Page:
Investing in Harlow
PUBLISHED: 12:56 18 March 2011 | UPDATED: 08:57 21 February 2013
Sir Frederick Gibberd's ground-breaking design gave Harlow an ethos of innovation. Elizabeth Ross explains why it is still on the front foot today
The place to be for R&D
ONE of the UK's first post-war New Towns, Harlow is the birthplace of fibre optics telecommunications technology. Numerous multi-nationals have located substantial R&D functions in the town over the years. GlaxoSmithKline currently employs around 3,000 people and Nortel Networks more than 1,000. Research is a collaborative field and Harlow's geographic location is highly accessible to the Cambridge-London-Oxford R&D triangle. The town's proximity to Stansted, City and Luton airports, and easy routes into London, enhances its commercial competitiveness across many sectors.
Harlow has attracted investment from big name global players in manufacturing, including United Glass, part of the leading manufacturer of glass packaging Owens-Illinois; Raytheon and Pitney Bowles whose headquarters is in Harlow. Founded in 1948, Smith's (Harlow) Ltd is a home-grown company with a global reach. Smith's roots are in the aerospace industry, and the company produces wind farm rigs which are used by Vestas, one of the world's largest wind power companies.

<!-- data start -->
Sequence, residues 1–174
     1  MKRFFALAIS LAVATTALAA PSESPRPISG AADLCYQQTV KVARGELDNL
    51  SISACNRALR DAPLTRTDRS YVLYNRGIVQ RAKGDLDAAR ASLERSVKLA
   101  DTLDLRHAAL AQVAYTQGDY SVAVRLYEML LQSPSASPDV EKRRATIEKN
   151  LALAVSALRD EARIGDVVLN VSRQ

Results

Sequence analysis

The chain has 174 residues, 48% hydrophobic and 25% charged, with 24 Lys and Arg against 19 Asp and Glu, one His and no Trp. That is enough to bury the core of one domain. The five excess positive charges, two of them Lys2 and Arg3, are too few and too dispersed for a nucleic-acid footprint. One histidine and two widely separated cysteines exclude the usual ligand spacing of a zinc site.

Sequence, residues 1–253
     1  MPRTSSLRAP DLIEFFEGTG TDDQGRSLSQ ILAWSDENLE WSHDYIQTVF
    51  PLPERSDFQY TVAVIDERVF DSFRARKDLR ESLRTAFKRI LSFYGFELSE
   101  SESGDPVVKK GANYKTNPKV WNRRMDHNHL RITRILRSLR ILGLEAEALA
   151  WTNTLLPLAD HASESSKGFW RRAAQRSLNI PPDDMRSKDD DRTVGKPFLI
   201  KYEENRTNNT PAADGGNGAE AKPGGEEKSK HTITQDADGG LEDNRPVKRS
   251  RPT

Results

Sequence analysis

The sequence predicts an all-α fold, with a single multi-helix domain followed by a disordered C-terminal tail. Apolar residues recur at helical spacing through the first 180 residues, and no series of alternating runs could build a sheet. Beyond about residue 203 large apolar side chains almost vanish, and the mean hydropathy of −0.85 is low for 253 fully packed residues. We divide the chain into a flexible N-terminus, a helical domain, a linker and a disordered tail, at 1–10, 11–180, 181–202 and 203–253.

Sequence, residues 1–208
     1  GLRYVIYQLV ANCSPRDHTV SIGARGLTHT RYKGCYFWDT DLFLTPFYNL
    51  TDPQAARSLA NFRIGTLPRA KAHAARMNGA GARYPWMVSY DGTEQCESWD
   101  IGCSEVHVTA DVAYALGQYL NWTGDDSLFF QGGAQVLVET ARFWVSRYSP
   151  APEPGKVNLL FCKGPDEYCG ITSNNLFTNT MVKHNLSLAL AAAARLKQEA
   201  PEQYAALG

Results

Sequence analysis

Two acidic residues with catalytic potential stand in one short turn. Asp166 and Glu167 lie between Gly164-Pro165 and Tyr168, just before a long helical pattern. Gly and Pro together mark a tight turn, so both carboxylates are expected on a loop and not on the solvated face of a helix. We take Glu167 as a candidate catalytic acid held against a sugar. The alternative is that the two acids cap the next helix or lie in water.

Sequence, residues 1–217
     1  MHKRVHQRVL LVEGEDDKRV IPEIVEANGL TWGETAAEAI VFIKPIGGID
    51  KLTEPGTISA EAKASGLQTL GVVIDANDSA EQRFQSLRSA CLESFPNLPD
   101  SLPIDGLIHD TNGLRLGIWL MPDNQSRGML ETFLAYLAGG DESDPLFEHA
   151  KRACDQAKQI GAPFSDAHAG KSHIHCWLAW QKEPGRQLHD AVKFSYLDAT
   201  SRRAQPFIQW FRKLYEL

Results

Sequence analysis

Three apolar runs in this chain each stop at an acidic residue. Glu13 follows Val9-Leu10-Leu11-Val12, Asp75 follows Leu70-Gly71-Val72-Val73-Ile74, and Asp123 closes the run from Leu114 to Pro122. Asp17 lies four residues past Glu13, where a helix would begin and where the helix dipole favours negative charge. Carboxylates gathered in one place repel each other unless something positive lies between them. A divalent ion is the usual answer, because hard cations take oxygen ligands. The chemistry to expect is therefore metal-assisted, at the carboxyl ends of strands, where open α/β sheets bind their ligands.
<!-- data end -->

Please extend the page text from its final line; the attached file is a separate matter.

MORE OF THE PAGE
Focus for investment
Harlow and the M11 corridor is one of three development projects in Essex. A redevelopment of Harlow's town centre, worth 400 million, is currently underway and the town will receive more than 200 million in transportation infrastructure improvements. Harlow has a variety of attractive, competitively-priced employment land available with many companies located at the industrial parks of Pinnacles and Templefields.
Anglia Ruskin University plans to open a new campus in Harlow. Harlow College's engineering department was described as a, 'breath of fresh air' by Smith's Harlow MD John Tennison. Nortel executives also say that the relationship with the local community in Harlow has contributed to the company's success. 'An ongoing relationship has created an awareness and resource pool in Harlow that is difficult to emulate and takes years to develop,' said one executive.
Harlow was originally designed by Sir Frederick Gibberd and boasts Britain's first pedestrian district and residential tower block, known as The Lawn. One of the main attractions for local companies today
is the quality of life available to their employees, who enjoy Harlow's green spaces.
Since the retail element of The Water Gardens opened in 2004, it has become the prime retail thoroughfare for Harlow. The investment by a number of major retailers in the town by way of the retail space they have opened and continue to operate is substantial. Leisure elements at The Water Gardens, such as cafs restaurants and a health club has further enhanced Harlow's reputation as a desirable place to live and work.